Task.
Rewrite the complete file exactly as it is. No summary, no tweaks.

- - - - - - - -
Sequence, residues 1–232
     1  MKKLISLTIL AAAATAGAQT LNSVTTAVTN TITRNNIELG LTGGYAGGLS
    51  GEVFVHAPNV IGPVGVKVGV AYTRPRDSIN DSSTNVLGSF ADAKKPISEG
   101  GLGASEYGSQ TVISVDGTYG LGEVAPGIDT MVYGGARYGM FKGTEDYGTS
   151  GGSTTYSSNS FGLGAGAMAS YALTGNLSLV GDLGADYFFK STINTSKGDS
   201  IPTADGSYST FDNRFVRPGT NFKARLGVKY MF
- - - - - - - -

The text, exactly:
Sequence, residues 1–232
     1  MKKLISLTIL AAAATAGAQT LNSVTTAVTN TITRNNIELG LTGGYAGGLS
    51  GEVFVHAPNV IGPVGVKVGV AYTRPRDSIN DSSTNVLGSF ADAKKPISEG
   101  GLGASEYGSQ TVISVDGTYG LGEVAPGIDT MVYGGARYGM FKGTEDYGTS
   151  GGSTTYSSNS FGLGAGAMAS YALTGNLSLV GDLGADYFFK STINTSKGDS
   201  IPTADGSYST FDNRFVRPGT NFKARLGVKY MF